Upfront Ventures has closed its fourth core fund with $400 million in commitments. It’s the firm’s largest ever, and according to managing partner Mark Suster, the largest Los Angeles-based fund ever raised. Suster says he’s been on the road meeting limited partners for ten years, and finally, they’re understanding the value of L.A.’s tech scene. (Around 45 percent of Upfront’s investments are local.)
As for the lingering criticism that it’s too easy for Sand Hill Road investors to swoop in and take all the good deals from local investors, Suster says it’s not true.
He points to LA success stories (some that Upfront has backed, some other local firms have) including sneaker marketplace GOAT, Loot Crate (Inc.’s fastest growing company this year), home security company Ring, gaming company Scopely, and exits such as Maker Studios and Truecar, Dollar Shave Club and Riot Games.
Snap, which is the city’s biggest success but had no local investors, was an anomaly, Suster says. “Everybody knew about it, very few took the risk,” he says, referring to the speculative nature of backing another early stage photo-sharing app, alongside what he saw as headline risk for what was then a “teen sexting” app. “Nobody knew except Benchmark just how talented the [Snap] team is,” he notes.
But Snap’s success creates more opportunities. “You have literally hundreds of under-30 millionaires from Riot Games and Snap,” he says. “Some section of those are going to create their next company. If it spawns 50 startups and we fund 15 of them, that’s how you germinate the next generation of companies,” he says. Likewise for new venture funds: “L.A. probably has 15 new funds created in the last few years and I’m ecstatic to have that,” Suster says. He believes Los Angeles has the potential to top New York City in terms of investments and exits. (The data shows NYC has a healthy lead on exits and on funding.)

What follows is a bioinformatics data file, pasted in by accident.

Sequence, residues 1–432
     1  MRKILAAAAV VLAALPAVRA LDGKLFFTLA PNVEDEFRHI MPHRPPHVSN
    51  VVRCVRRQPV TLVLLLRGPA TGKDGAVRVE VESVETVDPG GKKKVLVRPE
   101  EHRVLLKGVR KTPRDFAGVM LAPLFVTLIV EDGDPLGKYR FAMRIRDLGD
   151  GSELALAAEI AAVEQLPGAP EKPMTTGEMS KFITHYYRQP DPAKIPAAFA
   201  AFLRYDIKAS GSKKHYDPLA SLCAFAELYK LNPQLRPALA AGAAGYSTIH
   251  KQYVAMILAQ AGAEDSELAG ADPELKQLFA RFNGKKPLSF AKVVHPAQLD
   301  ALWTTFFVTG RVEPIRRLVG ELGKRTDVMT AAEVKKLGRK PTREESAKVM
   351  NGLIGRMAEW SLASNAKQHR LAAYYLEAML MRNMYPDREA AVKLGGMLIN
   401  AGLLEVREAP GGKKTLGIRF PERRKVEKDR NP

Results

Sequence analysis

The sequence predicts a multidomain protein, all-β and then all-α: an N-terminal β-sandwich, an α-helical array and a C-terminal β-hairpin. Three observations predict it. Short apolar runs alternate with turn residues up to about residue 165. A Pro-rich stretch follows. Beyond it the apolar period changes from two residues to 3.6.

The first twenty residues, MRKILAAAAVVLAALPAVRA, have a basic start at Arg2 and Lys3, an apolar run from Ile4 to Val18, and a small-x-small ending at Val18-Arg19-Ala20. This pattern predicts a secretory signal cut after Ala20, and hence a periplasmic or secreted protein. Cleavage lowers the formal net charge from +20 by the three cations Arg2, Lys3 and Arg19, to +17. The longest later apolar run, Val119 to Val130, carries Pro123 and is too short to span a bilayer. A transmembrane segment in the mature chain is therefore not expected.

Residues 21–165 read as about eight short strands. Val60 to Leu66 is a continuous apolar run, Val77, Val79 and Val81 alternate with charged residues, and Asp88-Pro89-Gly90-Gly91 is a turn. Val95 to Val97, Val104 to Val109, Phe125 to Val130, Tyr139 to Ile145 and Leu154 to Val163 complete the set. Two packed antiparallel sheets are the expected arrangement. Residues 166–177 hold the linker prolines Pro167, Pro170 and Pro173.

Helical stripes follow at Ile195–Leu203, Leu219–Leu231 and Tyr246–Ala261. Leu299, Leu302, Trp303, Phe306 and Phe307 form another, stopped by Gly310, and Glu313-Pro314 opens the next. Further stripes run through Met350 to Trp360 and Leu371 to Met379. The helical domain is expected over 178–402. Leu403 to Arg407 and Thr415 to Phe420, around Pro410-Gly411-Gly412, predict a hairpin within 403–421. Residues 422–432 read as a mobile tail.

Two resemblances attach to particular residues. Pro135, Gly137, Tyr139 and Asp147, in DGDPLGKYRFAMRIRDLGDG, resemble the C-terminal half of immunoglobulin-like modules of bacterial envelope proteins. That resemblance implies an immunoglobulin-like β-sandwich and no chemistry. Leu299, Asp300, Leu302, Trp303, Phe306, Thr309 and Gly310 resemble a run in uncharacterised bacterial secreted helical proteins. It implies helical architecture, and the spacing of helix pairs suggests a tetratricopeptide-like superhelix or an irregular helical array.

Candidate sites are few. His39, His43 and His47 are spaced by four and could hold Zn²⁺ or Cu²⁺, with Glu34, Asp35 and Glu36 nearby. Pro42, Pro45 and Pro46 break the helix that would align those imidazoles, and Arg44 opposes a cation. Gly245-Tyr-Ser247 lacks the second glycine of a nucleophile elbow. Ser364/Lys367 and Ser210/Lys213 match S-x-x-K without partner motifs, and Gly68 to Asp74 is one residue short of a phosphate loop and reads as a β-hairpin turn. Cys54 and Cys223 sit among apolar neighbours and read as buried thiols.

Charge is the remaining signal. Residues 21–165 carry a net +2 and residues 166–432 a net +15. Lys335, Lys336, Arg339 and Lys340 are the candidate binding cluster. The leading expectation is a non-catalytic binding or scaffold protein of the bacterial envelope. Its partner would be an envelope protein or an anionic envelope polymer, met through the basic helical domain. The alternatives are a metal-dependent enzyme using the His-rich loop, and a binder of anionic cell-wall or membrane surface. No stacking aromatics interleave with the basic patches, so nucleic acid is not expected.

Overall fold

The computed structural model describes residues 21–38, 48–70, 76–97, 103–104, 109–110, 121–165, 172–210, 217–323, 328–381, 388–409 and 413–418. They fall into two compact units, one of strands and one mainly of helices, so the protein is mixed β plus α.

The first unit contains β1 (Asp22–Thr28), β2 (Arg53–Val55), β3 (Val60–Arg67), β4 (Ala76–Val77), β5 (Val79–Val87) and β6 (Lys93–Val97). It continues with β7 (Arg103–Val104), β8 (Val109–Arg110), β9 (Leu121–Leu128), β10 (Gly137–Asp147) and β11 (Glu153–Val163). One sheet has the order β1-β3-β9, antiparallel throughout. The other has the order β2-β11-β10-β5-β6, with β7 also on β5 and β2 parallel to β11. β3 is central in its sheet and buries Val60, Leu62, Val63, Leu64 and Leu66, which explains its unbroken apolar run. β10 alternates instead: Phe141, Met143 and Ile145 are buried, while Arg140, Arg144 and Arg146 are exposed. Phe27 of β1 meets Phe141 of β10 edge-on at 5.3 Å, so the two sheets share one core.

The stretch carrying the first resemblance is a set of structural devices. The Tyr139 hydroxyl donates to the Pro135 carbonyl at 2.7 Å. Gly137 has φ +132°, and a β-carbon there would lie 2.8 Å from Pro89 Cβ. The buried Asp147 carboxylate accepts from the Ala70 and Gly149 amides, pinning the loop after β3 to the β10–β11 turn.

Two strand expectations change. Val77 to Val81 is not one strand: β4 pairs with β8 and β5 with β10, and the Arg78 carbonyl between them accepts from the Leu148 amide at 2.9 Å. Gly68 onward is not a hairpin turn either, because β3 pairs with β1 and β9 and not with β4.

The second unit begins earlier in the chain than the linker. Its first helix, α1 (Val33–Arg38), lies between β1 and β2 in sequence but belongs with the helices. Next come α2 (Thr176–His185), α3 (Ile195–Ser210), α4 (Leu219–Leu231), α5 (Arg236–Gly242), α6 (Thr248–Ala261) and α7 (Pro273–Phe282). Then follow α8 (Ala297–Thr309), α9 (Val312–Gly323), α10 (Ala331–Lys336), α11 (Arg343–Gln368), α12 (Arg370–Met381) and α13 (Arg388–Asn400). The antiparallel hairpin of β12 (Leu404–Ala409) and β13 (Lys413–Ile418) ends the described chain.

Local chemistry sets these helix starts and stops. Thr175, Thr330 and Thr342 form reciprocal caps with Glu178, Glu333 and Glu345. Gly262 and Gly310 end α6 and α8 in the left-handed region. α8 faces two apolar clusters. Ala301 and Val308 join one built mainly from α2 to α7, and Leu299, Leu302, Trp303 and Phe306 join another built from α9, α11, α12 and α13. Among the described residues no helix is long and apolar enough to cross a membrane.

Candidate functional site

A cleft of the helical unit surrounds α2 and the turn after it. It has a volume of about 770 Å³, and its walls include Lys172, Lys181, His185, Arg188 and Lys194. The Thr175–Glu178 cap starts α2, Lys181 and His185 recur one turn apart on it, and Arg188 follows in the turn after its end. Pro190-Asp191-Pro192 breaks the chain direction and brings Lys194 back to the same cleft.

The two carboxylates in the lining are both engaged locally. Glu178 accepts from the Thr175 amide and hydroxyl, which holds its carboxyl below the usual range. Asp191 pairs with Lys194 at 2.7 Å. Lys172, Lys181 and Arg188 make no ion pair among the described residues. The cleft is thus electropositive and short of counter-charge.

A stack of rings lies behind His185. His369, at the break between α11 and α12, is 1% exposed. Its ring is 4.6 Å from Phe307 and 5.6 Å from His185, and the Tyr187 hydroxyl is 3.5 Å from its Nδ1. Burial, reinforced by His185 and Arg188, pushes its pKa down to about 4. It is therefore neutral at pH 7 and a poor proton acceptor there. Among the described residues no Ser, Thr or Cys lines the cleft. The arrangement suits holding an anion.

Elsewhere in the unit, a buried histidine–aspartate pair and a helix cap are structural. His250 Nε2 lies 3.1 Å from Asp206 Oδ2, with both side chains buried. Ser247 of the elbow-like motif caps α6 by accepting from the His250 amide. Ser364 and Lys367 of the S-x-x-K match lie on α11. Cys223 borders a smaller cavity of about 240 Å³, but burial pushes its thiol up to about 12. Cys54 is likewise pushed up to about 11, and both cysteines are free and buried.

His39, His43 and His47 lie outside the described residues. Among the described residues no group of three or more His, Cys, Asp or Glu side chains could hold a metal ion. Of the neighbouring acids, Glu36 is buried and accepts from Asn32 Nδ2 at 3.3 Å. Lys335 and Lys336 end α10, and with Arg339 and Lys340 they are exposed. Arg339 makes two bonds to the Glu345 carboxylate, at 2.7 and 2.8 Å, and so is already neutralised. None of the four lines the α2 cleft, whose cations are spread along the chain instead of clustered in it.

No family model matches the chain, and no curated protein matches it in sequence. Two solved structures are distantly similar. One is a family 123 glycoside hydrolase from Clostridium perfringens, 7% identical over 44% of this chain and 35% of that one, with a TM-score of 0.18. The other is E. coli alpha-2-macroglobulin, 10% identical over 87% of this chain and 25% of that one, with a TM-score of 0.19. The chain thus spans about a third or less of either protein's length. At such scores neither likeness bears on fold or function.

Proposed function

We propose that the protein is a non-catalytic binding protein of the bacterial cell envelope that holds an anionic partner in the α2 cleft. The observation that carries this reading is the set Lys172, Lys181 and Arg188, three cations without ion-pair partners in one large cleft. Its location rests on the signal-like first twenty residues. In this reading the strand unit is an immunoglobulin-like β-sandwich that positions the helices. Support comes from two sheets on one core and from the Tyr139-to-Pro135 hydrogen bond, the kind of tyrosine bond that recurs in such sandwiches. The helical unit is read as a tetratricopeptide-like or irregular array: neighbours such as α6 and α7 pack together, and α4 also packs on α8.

Regarding New York, Suster throws down the gauntlet: “In 2009, ’10, ’11 and ’12, the VCs all thought New York was the big next market, so they all started traveling out there and doing deals. I just don’t think they are making that trip anymore, I think the trip is to SoCal.” He says he welcomes the money from big Valley firms because it results in situations like that of Ring. Upfront was an early backer of the company, and Silicon Valley investors have since poured more than $200 million into it.
This story originally appeared on Fortune.com. Copyright 2017